Benefit communicators agree that even the best benefits program, when poorly communicated (or not communicated at all!) has little value. Unfortunately, many employers spend millions on their benefit programs but fall short when it comes to educating their employees.
According to a 2014 report by Aflac1, only 9% of employees believe human resources has communicated benefits information effectively and 65% said their employers sent benefits-related information less than three times in a year. A survey by Benz Communications2 revealed that 64% of employers distribute information during open enrollment only.
No wonder employees are confused, choose the same benefits year after year, and rarely take advantage of valuable benefits such as flexible spending or health savings accounts. Your employees need to be aware of the benefits you offer—and understand how to use them—to appreciate their value. A MetLife study3 reports that 50% of US-based employees said benefits are the reason they will stay with their current employer.
5 Tips for Communicating Benefits
So while it makes sense to communicate effectively and often, for some organizations that’s easier said than done. Here are five tips to help you begin developing engaging communication materials, even if you have little time and no visible budget.
- Use carrier communication materials, including flyers, posters, emails and more, available on their public website. Many have free videos available on YouTube. You can use these formatted, professionally written pieces “as is” or borrow content for emails and enrollment guides (attribution required) to develop your own flyers and posters. Post them in breakrooms, rest rooms and entrances or consider desk drops. Email links to the videos or use them in benefit meetings.
- Don’t forget about carrier apps and cost calculators to provide instant access to plan and provider information and decision-making tools. iTunes and Google Play feature hundreds of free apps, including iTriage, WebMD, Health News and more.
- Access info from organizations such as the Centers for Disease Control, the American Cancer Society or the National Coalition on Business Health (which offers robust employee communication materials) to boost your benefits and wellness education.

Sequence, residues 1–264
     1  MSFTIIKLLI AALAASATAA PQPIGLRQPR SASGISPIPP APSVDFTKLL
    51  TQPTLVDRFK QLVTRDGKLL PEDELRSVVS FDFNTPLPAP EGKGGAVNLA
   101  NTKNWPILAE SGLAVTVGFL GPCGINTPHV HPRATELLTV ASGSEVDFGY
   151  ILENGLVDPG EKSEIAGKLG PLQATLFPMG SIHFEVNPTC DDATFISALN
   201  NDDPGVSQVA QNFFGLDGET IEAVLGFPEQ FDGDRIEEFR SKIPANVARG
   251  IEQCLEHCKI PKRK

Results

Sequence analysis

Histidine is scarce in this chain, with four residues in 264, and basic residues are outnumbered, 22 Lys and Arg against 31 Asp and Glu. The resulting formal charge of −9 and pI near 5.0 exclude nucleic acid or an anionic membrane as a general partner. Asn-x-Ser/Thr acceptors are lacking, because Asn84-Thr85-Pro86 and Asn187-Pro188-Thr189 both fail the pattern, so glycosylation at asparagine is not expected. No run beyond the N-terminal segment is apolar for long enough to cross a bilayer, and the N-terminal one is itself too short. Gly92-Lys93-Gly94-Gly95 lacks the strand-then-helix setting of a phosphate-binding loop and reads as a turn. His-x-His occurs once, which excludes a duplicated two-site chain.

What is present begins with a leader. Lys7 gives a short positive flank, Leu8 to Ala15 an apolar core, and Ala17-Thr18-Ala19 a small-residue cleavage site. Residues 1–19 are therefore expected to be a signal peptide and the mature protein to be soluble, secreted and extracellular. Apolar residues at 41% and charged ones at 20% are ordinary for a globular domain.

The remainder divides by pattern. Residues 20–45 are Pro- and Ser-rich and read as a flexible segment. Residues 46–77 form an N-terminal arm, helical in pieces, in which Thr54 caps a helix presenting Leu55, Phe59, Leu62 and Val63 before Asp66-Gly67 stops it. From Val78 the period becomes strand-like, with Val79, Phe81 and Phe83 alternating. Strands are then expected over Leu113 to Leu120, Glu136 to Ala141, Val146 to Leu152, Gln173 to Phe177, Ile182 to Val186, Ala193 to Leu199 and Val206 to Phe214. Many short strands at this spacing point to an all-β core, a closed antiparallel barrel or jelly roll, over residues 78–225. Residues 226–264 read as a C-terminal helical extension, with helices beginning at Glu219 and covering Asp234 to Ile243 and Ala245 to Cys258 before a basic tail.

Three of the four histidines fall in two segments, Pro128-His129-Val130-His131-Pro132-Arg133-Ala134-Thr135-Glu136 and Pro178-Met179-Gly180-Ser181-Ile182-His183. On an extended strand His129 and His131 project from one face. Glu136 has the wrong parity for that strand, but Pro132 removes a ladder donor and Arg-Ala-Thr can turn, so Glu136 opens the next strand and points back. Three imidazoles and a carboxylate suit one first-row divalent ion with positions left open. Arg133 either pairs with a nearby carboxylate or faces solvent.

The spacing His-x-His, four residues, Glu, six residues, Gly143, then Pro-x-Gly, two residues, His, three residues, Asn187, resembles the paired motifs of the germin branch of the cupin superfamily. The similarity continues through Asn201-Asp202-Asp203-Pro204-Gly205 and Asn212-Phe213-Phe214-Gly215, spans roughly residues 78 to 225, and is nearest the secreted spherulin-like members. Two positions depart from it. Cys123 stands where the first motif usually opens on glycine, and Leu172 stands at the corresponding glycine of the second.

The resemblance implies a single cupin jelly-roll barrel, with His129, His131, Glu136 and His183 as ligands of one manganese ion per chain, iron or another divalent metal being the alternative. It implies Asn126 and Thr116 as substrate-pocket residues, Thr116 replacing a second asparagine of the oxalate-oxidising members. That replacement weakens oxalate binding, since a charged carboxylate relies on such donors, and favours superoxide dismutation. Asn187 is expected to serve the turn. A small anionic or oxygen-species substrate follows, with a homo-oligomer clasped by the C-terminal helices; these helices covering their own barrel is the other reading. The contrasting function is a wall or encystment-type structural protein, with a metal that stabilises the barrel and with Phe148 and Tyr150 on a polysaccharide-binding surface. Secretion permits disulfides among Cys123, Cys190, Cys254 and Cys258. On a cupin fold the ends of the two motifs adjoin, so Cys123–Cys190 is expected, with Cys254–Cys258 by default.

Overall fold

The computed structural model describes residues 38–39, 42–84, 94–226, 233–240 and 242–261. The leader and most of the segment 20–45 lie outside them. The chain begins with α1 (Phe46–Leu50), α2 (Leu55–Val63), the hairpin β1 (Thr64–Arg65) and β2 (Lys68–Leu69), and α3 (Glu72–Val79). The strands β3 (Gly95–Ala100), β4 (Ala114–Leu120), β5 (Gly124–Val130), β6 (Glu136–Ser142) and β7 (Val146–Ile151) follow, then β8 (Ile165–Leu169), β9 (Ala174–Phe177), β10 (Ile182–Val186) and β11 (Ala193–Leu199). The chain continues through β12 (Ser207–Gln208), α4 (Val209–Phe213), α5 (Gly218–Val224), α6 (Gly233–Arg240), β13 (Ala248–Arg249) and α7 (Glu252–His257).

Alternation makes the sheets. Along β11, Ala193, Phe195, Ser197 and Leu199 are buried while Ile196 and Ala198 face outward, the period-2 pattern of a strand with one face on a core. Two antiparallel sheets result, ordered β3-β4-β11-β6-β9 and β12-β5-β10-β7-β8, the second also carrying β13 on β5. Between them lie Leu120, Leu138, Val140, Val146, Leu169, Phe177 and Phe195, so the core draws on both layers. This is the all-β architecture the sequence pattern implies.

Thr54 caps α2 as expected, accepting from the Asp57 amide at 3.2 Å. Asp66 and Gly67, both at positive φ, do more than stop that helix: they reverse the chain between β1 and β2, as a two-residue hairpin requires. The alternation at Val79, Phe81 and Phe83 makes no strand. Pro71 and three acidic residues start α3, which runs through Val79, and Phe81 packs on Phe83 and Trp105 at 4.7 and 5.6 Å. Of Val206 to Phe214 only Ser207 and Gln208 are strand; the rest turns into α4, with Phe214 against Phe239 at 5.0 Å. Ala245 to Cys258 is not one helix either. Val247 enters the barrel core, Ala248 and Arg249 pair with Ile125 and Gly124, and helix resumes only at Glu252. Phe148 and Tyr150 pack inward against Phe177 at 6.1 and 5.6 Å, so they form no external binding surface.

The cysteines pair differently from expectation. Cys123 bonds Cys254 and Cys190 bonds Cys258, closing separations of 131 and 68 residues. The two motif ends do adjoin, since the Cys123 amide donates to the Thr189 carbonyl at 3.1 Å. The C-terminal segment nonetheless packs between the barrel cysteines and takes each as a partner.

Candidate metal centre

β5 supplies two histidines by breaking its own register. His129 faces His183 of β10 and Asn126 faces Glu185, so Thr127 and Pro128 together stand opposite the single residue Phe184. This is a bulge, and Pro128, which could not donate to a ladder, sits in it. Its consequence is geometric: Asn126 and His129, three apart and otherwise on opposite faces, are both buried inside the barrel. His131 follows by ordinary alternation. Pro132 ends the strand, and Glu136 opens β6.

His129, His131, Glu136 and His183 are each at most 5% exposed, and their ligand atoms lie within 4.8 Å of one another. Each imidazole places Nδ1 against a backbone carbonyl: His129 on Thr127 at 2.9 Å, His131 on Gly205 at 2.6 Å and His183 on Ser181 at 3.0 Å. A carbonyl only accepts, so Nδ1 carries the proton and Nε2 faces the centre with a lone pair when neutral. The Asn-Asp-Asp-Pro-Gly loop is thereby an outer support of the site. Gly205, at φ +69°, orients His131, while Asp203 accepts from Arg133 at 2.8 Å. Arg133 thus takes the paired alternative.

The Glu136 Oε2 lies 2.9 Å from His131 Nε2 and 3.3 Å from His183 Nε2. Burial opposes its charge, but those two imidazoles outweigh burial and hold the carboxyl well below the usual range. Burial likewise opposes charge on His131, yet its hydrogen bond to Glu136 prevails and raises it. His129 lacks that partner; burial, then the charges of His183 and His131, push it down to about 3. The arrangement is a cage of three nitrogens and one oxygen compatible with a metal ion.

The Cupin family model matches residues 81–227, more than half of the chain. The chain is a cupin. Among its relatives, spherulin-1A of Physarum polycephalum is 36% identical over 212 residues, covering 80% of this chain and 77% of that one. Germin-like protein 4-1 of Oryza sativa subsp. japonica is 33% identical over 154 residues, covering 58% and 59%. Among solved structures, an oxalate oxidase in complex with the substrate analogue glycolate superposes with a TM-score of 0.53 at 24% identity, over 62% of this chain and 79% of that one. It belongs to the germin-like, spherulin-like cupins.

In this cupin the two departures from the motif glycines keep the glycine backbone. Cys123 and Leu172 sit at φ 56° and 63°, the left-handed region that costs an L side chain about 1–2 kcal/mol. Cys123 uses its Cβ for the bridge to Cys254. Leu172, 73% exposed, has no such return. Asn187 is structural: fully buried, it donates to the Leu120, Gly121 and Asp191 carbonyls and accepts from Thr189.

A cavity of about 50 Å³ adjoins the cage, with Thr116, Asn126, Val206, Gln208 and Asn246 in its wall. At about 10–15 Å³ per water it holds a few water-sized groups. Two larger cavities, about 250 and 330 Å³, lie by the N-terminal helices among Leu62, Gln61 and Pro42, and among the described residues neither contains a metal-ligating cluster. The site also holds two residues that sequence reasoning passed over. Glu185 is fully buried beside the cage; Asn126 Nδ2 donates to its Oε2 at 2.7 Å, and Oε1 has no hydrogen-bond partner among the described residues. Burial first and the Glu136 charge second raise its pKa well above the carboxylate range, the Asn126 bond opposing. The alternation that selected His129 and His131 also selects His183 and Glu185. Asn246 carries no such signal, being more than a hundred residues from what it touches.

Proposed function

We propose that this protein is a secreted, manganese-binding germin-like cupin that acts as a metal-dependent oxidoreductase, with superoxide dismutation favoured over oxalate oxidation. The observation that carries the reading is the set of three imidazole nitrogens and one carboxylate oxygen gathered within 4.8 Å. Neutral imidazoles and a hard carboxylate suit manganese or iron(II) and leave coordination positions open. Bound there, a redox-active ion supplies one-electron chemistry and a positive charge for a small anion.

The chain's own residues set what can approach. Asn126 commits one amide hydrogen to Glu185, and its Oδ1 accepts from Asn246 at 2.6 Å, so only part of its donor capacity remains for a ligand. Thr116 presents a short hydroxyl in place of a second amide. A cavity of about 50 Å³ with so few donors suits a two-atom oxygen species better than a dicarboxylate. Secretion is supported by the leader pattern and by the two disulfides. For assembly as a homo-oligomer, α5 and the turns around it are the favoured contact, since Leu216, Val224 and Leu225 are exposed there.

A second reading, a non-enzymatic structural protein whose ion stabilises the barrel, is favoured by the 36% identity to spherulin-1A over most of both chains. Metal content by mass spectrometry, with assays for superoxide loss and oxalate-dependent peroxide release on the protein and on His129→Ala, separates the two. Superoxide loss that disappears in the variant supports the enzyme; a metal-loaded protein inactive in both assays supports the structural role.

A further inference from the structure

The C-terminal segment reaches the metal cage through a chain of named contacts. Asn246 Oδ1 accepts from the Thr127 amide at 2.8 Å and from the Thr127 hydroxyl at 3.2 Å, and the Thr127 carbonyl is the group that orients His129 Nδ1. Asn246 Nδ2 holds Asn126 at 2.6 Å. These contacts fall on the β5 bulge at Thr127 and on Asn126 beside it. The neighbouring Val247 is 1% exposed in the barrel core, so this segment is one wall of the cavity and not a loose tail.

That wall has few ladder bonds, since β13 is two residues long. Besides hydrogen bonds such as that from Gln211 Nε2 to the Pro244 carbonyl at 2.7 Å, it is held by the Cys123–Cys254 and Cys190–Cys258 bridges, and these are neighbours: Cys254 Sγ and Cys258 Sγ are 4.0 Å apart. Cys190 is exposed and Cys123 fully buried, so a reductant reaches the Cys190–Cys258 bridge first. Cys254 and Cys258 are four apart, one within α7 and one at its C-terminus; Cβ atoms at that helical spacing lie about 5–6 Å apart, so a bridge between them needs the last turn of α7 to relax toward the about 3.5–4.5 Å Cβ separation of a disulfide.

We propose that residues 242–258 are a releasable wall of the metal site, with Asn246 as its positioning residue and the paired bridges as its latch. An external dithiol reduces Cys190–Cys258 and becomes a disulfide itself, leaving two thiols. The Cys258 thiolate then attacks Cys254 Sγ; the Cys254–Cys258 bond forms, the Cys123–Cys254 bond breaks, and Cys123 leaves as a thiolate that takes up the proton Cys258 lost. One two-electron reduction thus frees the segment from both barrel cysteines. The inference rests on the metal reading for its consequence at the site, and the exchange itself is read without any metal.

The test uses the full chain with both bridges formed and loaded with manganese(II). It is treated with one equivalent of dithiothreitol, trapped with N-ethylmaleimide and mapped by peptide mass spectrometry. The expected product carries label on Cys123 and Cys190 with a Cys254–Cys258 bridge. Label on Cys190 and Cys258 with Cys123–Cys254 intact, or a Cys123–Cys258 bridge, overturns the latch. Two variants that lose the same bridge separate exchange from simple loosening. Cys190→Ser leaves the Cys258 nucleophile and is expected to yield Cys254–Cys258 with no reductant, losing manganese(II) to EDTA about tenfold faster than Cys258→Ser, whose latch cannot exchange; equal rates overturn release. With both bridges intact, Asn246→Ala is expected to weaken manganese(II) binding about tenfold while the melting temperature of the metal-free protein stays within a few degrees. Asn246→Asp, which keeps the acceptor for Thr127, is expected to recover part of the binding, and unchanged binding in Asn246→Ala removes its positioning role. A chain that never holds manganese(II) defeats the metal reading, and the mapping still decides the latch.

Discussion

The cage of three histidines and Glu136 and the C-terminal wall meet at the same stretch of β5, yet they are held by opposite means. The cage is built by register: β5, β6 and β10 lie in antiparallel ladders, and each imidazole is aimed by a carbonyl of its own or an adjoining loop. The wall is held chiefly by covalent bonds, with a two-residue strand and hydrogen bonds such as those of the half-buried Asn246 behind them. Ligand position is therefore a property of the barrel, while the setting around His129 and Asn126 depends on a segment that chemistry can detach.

- Take advantage of free and highly effective group and one-on-one meetings with employees. A simple PowerPoint presentation with a motivated presenter is an effective educational tool. Provide talking points to managers and supervisors so they can conduct mini-enrollment meetings with employees if that makes more sense for your organization.
- If your employees use email at work, you’re in luck. Stick to one topic and try to condense information into two to three paragraphs. If you can invest in a graphic format for your emails, that’s even better. Write active, action-oriented subject lines: Three steps you must take during open enrollment (which begins today).
Putting it all Together
Spend some time gathering information that relates to your employee population, and determining key messaging you want to share, actions you want to encourage, and the results you hope to achieve. Decide how you will share information with your employees (emails, intranet, print, mail, meetings) and then determine how you will cascade your communications materials throughout the year.
Remember that communicating beyond open enrollment is a more effective method of motivating employees to make better choices.
Creativity and a little planning can make a big difference in your ability to help your employees understand the complex world of benefits and how they can use them to their best advantage.